Ask the Expert

The College of General Studies’ some 25,000 alumni are an impressive bunch, working in nearly every field imaginable: health care, advertising, film, law, education, ecology, politics, and more. In our “Ask the Expert” series, we invite individual alumni to share their expertise—from the practical to the peculiar, and everything in between—with Collegian readers. In this installment, we tap the knowledge of food writer Elissa Altman (CGS’83, CAS’85).

How can I make peace with a traditional—and loathsome—family recipe?

A humorist and culinary columnist offers four tips for evading or remaking that “famous” family dish.

Admit it: you’ve been there. We’ve all been there.

It’s the holidays—Thanksgiving, or Rosh Hashanah, or Christmas, or Easter—and for the occasion, you visit your older relatives. Everyone piles into the kitchen to see whether or not Aunt Zelda has made her famous braised chicken recipe—the one with the eggplant, canned pineapple, and sundried tomatoes that everyone talks about, year in and year out . . . the one whose recipe, scrawled during the Johnson Administration on a yellow, dog-eared, stained index card, has gotten Xeroxed, scanned, and passed from family member to family member. After everyone goes home, you and your cousins share the results of your annual attempts at re-creating and refining the dish a few months later:

“It was good, but not as good as Aunt Zelda’s—”

“Mine was missing that—I don’t know—that rubbery je ne sais quoi—”

“I gave some to my Fred for lunch, but he said, ‘Oh honey, I know how very much you love Aunt Zelda’s famous chicken recipe, so I want you to have my portion—’”

And then you hang up the phone and you hold your head in your hands. Maybe you have an Advil chaser with your afternoon cup of French Vanilla International Coffee. And you wonder, deep in the furry recesses of your mind—riddled with guilt and the pain that comes from telling a truth that no one really wants to hear, like a suburban version of The Emperor’s New Clothes—if everyone hates (no, loathes) Aunt Zelda’s chicken dish as much as you do. If everyone finds the combination of eggplant, pineapple, and sundried tomatoes as utterly revolting as you do. And if everyone finds the texture of Aunt Zelda’s chicken vaguely reminiscent of glazed balsa wood.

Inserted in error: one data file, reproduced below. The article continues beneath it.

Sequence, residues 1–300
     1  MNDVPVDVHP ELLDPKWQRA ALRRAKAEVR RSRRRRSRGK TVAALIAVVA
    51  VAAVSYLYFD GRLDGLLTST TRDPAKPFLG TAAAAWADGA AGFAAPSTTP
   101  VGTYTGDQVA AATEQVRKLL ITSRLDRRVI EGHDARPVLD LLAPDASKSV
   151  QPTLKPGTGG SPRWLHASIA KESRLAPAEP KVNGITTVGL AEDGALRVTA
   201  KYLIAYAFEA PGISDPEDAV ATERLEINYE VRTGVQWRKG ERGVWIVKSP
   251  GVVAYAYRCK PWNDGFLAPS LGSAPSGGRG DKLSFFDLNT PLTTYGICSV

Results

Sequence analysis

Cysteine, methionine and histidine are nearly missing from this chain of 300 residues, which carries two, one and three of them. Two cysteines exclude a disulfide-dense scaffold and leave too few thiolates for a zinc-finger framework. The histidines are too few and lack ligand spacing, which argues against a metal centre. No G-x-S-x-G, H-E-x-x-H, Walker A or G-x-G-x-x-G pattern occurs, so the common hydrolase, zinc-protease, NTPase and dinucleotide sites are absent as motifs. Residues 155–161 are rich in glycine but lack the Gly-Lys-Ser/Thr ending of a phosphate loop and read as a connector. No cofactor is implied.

This is a universal problem, no matter where you live, or who your people are. You could be from the hills of Uzbekistan or the rice fields of the Mekong Delta and still have this problem.

AltmanHeadshotElissa Altman writes the James Beard Award–nominated blog Poor Man’s Feast. Once described as “the love child of M.F.K. Fisher and David Sedaris,” Altman has contributed to Saveur, Edible Communities, The Huffington Post, Leite’s Culinaria, The New York Times, and many other print and digital publications. Her book, Poor Man’s Feast: A Love Story, will be published by Chronicle Books in 2012. Photo by Sigrid Estrata

Family recipes are often iconic dishes that enable us to remain connected to our individual pasts, and to all that is good, and safe, and domestically romantic in our lives. It doesn’t really matter if your mother’s macaroni and cheese is disgusting; just being able to have it with her, and then to re-create it at home with all its recipe hiccups and ingredient quirks is a Proustian rush that essentially wraps you up in a metaphysical blanket of comfort and love. And in this day and age, there is absolutely nothing wrong with comfort and love. Hell, even Genghis Khan needed comfort and love.